TOKYO—Japanese whalers discussed plans on Jan. 24, to resume their commercial hunting along the northeastern coast on July 1, for the first time in three decades.
Their preparation follows Japan’s decision in December to leave the International Whaling Commission, abandoning decades-long campaigning in hopes of gaining support within the organization that has largely become a home for conservationists.
The Fisheries Agency said whalers in six Pacific coast towns, including Taiji, which is known for dolphin hunts, were expected to bring five vessels to form a joint fleet beginning July 1, one day after Japan formally withdraws from the IWC.
Taiji is leading the effort as a traditional whale town and will contribute one vessel to the fleet that will catch minke whales. Exact locations and hunting plans will be decided based on results of research operations planned by the end of June, said Shigeki Takaya, a Fisheries Agency official in charge of whaling.
Catch quota and hunting schedule are yet to be decided. Japan’s national broadcaster NHK said the coastal whaling will start from Hachinohe in northern Japan, or Kushiro, a main whaling hub farther north, on the island of Hokkaido. Each vessel would then head southward to Chiba, near Tokyo, while making several stops along the coast before heading back to Kushiro for more hunts later in the year, NHK said. Experts are deciding the sustainable catch quota using the IWC method. Japan plans to remain as observer of the IWC.
While conservationists criticize Japan’s move, whalers’ scope of operation would be much smaller than previous research hunts and would save hundreds of whales that Japan used to catch in distant seas.
Japan will stop its much-criticized hunts in the Antarctic, where it had conducted what it called research hunts since the IWC imposed moratorium in the 1980s. Japan at its peak caught as many as 1,200 whales in the Antarctic, but has increasingly cut back on its catch in recent years as international protests escalated and whale meat consumption slumped at home.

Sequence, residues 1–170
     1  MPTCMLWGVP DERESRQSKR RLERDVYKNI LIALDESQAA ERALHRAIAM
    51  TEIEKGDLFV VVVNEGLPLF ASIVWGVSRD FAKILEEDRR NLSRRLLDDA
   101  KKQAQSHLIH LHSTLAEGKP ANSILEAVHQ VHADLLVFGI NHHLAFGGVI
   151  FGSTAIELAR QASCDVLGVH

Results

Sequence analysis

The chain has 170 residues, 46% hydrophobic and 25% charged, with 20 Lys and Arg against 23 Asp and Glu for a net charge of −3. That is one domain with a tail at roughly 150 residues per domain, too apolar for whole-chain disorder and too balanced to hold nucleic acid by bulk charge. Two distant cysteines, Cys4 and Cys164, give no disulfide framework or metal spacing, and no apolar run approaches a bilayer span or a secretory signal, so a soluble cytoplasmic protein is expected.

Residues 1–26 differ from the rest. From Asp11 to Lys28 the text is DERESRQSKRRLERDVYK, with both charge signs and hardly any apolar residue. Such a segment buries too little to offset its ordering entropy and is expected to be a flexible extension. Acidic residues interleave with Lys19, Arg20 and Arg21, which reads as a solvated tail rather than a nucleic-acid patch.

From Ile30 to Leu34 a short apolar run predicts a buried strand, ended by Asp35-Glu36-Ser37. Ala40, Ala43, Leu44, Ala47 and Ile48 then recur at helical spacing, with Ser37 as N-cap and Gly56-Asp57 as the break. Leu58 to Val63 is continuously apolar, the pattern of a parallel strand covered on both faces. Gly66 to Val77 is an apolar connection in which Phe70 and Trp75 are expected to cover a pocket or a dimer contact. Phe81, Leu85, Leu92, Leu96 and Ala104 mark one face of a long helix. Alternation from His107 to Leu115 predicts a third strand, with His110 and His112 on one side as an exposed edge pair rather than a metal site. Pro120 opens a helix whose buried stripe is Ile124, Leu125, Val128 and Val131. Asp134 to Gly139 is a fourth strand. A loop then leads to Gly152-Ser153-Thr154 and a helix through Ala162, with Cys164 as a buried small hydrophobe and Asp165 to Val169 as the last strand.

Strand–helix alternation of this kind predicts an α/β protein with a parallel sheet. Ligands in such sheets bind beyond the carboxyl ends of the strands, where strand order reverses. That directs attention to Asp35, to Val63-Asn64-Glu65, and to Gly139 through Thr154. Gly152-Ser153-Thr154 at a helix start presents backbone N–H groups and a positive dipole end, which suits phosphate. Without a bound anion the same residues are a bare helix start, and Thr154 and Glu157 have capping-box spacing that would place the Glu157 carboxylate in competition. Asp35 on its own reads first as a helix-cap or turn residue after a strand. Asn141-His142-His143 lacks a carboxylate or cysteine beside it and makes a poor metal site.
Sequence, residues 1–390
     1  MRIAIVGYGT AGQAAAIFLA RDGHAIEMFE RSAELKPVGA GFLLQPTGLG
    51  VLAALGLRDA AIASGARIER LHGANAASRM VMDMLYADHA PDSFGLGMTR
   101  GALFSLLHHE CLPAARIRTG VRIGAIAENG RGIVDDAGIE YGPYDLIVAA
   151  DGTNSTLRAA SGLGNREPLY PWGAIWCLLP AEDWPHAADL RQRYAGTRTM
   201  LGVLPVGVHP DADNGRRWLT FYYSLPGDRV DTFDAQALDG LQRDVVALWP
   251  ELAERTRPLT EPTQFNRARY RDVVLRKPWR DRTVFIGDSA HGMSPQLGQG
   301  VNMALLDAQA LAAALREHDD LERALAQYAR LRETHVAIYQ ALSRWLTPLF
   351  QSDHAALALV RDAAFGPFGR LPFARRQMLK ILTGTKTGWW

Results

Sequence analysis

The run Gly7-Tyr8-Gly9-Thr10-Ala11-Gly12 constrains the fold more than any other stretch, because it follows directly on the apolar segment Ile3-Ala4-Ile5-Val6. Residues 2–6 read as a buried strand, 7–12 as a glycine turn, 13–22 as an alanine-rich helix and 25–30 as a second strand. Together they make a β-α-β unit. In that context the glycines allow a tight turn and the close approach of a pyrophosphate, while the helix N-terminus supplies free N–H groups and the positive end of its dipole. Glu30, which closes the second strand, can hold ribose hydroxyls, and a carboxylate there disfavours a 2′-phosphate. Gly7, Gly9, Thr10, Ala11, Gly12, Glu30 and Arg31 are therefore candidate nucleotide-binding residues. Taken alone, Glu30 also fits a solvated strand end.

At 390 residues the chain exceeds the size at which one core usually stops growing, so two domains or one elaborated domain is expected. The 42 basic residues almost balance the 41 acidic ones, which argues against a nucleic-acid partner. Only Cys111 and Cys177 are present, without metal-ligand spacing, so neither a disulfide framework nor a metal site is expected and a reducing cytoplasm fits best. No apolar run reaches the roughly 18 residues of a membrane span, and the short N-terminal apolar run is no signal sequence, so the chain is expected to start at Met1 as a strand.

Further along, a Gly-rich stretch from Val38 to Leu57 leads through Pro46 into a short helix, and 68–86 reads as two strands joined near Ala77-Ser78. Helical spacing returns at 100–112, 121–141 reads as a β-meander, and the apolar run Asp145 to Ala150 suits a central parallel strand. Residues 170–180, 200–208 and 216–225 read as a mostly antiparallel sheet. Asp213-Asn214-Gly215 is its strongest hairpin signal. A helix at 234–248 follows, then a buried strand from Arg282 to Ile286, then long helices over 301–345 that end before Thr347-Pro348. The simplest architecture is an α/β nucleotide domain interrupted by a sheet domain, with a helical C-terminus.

Japan has hunted whales for centuries, but its Antarctic expedition began after the U.S. postwar occupation in 1946 approved it to get protein from whale meat as cheaper alternative to other meat. Records of parliamentary debate from that time show no reference to Japanese culture being linked to whaling. Today, conservative lawmakers including Prime Minister Shinzo Abe, promote whales not only as delicacy but as Japan’s cultural heritage.
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Fisheries officials plan to start with a modest plan to carefully gauge a market size, a former IWC negotiator, Hideki Moronuki, said.
Fisheries officials say Japan today annually consumes about 5,000 tons of whale meat from the research hunts, mainly by older Japanese seeking a nostalgic meal. It’s a fraction of the country’s whale meat supply of about 200,000 tons before the IWC moratorium. Critics say they doubt commercial whaling can be a sustainable industry because younger Japanese may not view the animals as food.
By Mari Yamaguchi